After this tenuous period ends, for up-to-date information and instructions about Java on OS X, you should be able to refer to the Mac Java 7 FAQ found on the Oracle site.
- How do I know my Java is secure?
Even if you are not having any problems with your Java installation, we strongly urge you to make sure that Java is updated to the latest version and that it is set to the maximum security level in your Java Control Panel. This will require you to authorize any Java program that runs or launches from the web. Never authorize a Java application that is not code-signed and "authenticated" by a third party authority.
To open the Java Control Panel in Windows: Click Start, then Control Panel, then Programs, and then Java.
To update Java from the Java Control Panel: Click the Update tab, then click the "Update Now" button. (Even if Java Update has been run recently, it is possible that the latest version of Java is not yet properly installed on your system. Clicking the "Update Now" button and manually installing the Java Update is a better way to be sure that you are up-to-date.)
If there is an update available, click "Install". You will need to close the Java Control Panel before installation can begin.
In the latest version of Java, you will have access to a Security Level slider. After updating, open the Java Control Panel and select the "Security" tab. Make sure the "Enable Java content in the browser" checkbox is checked. Set the Security Level slider to "Very High" and click Apply or OK. This setting will require you to authorize any Java program that runs or launches from the web.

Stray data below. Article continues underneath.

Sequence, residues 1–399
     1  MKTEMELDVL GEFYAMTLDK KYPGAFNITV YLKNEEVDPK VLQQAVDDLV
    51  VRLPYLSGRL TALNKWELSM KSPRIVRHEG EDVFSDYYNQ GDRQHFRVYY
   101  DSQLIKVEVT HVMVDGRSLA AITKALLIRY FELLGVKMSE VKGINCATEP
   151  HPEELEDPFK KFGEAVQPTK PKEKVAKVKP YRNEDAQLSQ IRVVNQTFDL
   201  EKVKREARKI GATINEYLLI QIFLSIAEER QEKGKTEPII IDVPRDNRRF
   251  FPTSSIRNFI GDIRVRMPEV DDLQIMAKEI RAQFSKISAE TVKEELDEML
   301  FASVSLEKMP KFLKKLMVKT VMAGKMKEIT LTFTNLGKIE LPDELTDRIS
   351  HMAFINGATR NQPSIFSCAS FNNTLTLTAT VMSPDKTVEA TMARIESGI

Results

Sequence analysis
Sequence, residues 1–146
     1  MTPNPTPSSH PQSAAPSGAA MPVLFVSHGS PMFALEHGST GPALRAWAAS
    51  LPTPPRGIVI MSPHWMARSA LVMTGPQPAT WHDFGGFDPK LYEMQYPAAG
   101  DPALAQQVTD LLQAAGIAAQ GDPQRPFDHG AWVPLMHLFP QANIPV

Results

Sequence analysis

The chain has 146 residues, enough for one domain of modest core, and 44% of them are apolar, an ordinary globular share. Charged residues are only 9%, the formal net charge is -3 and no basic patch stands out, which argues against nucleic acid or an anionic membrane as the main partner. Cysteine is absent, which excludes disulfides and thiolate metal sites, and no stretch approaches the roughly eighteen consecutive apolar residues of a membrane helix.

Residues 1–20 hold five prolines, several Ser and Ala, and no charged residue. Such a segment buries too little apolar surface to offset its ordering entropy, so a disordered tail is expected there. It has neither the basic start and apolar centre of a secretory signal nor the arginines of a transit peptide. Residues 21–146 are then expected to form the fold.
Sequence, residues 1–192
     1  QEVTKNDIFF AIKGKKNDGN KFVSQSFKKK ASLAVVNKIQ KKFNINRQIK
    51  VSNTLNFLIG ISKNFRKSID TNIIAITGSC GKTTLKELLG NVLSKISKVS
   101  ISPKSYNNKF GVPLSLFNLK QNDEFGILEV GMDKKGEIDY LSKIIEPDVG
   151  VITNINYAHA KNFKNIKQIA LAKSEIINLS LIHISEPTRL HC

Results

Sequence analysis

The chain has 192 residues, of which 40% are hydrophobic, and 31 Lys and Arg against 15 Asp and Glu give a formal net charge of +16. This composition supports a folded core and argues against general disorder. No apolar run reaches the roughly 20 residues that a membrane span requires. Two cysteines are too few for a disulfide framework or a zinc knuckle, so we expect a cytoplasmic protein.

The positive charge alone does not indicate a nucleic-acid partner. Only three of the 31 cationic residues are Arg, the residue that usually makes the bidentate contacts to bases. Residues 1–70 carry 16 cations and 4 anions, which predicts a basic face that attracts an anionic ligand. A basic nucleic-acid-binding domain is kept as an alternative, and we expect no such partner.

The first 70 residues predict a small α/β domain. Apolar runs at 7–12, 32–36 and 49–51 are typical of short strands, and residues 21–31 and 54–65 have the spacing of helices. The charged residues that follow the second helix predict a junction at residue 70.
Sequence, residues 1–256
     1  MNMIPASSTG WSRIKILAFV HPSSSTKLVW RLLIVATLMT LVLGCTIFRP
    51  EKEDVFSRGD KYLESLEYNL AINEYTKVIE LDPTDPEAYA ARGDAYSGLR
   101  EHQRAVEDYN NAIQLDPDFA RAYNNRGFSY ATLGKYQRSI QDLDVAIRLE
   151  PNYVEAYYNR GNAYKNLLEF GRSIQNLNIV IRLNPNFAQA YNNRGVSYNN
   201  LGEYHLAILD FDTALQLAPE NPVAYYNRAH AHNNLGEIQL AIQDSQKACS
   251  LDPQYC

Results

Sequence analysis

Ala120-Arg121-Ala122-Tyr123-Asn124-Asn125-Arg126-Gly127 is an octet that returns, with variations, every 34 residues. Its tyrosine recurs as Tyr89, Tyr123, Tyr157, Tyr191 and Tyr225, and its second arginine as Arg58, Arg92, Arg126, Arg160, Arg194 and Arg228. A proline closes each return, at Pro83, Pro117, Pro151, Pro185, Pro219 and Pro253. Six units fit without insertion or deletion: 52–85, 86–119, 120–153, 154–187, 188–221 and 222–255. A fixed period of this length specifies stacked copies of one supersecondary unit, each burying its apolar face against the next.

(The JNLP file will auto-launch In ALL browsers EXCEPT Safari. Safari users must open their browser's download tool, locate the JNLP file and double-click on it. For more instructions, read the FAQ below entitled "SAFARI USERS: APRIL 2013 UPDATE")
This setting will require you to authorize any Java program that runs or launches from the web. With the Java Downloader, you will be prompted during the "Verifying application" process. You should see Channel Classics or ITPDX, LLC. (the program's developers) listed as the publisher.
Only authorize Java applications from sites you trust.
A trustworthy Java Application should always be code-signed and "authenticated" by a third party authority.
By checking the "Always trust content from this publisher" box (see above), you will not be required to authenticate the particular application again. Java will add the certificate to your Trusted Certificates. You can manage your Trusted Certificates by clicking the "Certificates" button in the Security section of the Java Control Panel.